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Serena Williams' legacy as told by one of the few players to beat her, Chanda Rubin


Last night, Serena Williams cleared the first hurdle to winning another championship. On the first day of the U.S. Open, the 23-time Grand Slam champion defeated player Danka Kovinic of Montenegro in a 6-3, 6-3 victory.


KELLY: Williams announced earlier this month that she plans to, quote, "evolve away from tennis" after this year's tournament. And if this is indeed the last time the world will see her in action, her legacy is already established both on and off the court.

Chanda Rubin is a former top 10 professional tennis player and a commentator for Tennis Channel. We reached her at the U.S. Open tennis championship in New York. Chanda Rubin, welcome.

CHANDA RUBIN: Thank you for having me.

KELLY: So you are a member of a very small club, the club of people who have played Serena Williams and beat her. What is it like staring across the net, waiting to return that serve?

RUBIN: It can be a bit intimidating simply because, you know, as a player, you know that she has one of the best serves, if not the best serve in the history of the women's game.

KELLY: Yeah.

RUBIN: And it's a formidable weapon. She can hit it to each spot in the court, in the service box. So you don't often see it coming. You can't really predict. So it puts more pressure on your serve. So there's a lot of different things that come into play when you're facing Serena Williams.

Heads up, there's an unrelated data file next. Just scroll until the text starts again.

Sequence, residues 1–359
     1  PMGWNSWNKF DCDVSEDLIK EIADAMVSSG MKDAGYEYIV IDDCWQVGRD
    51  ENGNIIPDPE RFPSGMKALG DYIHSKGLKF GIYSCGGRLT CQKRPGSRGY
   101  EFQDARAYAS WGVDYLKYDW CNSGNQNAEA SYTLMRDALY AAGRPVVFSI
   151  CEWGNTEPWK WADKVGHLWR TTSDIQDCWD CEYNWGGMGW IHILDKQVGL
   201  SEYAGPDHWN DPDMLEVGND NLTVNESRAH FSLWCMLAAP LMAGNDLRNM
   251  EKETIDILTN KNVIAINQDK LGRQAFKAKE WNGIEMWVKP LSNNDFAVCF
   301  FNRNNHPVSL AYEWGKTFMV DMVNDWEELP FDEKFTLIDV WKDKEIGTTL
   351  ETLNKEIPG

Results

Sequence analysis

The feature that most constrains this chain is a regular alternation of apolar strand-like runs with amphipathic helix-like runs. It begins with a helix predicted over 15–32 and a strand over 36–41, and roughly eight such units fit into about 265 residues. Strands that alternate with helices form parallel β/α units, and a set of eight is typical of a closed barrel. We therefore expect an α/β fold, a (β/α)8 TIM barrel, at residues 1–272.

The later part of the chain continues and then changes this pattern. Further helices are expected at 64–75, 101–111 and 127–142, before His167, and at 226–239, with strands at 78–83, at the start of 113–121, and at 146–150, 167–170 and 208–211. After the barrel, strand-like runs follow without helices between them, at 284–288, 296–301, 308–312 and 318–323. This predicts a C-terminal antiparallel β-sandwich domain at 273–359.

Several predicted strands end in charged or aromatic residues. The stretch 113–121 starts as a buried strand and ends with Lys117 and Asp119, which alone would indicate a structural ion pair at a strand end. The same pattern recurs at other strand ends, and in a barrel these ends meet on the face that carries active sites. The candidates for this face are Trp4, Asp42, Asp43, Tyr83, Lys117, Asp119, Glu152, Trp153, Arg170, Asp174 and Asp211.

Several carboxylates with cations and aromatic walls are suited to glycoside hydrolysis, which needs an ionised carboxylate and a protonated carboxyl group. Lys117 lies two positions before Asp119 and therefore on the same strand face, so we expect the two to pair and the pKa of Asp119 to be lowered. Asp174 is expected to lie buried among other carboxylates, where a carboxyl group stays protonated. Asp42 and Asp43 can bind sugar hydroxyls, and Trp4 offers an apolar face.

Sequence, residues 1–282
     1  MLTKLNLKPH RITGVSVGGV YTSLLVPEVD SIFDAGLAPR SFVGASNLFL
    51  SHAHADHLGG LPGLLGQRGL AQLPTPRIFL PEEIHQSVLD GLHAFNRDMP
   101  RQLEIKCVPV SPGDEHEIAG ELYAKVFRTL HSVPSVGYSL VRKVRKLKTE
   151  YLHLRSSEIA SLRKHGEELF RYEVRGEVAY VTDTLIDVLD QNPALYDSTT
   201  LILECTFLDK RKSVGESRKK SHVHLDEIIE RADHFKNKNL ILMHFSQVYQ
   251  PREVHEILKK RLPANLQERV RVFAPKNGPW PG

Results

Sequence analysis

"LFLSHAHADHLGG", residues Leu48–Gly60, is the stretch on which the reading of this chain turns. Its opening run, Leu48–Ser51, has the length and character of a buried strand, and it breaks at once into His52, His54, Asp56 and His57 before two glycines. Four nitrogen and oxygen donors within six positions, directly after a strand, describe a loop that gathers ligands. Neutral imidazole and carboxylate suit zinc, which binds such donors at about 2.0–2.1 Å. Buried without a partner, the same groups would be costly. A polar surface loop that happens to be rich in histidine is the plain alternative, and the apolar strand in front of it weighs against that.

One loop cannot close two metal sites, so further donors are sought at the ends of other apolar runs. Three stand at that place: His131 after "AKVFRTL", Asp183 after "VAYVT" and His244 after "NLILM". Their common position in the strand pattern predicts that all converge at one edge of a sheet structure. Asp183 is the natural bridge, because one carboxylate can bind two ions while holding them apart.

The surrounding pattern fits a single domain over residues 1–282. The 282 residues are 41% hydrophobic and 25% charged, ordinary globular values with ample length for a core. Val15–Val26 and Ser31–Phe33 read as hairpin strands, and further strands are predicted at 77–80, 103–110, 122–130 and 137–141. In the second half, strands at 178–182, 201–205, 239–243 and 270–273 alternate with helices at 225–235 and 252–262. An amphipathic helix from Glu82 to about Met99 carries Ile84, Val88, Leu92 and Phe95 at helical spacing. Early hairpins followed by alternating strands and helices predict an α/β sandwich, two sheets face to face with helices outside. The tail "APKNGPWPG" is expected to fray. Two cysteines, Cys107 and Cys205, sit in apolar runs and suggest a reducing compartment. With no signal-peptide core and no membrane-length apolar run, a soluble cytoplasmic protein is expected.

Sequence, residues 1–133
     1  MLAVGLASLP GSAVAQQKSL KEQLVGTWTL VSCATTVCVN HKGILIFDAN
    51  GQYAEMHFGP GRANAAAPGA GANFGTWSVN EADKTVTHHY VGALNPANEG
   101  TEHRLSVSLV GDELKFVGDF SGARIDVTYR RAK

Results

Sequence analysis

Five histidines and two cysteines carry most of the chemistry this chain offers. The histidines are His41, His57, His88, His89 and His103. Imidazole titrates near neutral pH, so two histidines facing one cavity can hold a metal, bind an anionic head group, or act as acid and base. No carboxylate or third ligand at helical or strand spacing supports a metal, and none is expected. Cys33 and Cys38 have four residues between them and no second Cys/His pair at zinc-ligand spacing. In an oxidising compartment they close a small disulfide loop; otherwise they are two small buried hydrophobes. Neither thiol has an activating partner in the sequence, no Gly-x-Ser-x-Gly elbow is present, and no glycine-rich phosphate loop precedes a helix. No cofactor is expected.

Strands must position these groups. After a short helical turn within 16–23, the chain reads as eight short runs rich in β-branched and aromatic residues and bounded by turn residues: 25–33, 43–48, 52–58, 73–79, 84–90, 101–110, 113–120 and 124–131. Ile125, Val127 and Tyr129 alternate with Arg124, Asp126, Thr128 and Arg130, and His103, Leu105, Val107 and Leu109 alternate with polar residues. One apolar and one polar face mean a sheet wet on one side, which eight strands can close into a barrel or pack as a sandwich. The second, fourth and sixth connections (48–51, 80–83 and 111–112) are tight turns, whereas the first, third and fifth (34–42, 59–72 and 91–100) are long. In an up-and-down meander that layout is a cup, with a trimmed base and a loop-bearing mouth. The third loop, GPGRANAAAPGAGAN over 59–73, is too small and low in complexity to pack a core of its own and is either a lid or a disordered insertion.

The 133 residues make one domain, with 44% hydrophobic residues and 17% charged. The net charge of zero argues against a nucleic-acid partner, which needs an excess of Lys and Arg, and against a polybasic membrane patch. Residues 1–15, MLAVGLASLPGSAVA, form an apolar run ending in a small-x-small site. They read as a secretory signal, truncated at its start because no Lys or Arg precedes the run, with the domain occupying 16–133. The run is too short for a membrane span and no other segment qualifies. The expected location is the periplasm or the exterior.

KELLY: I was going back and reading about that match. And I think the detail I love the most was something that she told you after you won.

RUBIN: Yes. I played her in tournament in Los Angeles, and I was able to win that match in a tiebreak in the third set. That's, like, the closest a match can really be. And at the end of that match, you know, she was so kind to warm me up the next day. And just to give you a little reference, that never happens. If you beat a player or, you know, you play somebody, the next day, they don't want to have anything to do with you. And so she was kind enough to warm me up. And after that, she told me, now go win the tournament. (Laughter) And I said, OK, you know what? I think I should.

KELLY: (Laughter).

RUBIN: And, of course, I did. You know, when you beat Serena, you feel like, OK, I'm playing pretty well.

KELLY: Yeah, I got this.

RUBIN: And I can handle anybody else across the net.


KELLY: I mean, we talked about her serve. We talked about what it's like to beat her, you know, at least once. What do you think, though, made her so dominant for so many years? 'Cause she wasn't just great that year or the year after or the year after.

RUBIN: Right.

KELLY: She'd been great for, like, a long time.

RUBIN: Decades - it's incredible to even think about it. And, you know, what I think sets her apart is, you know, the physical skills that she has. You know, she's powerful from the ground. She can go toe-to-toe with anybody and outhit most players, if not every player at any given point. And so you're dealing with that factor as well. How do you catch up to her shots? How do you try to read and get a jump on things?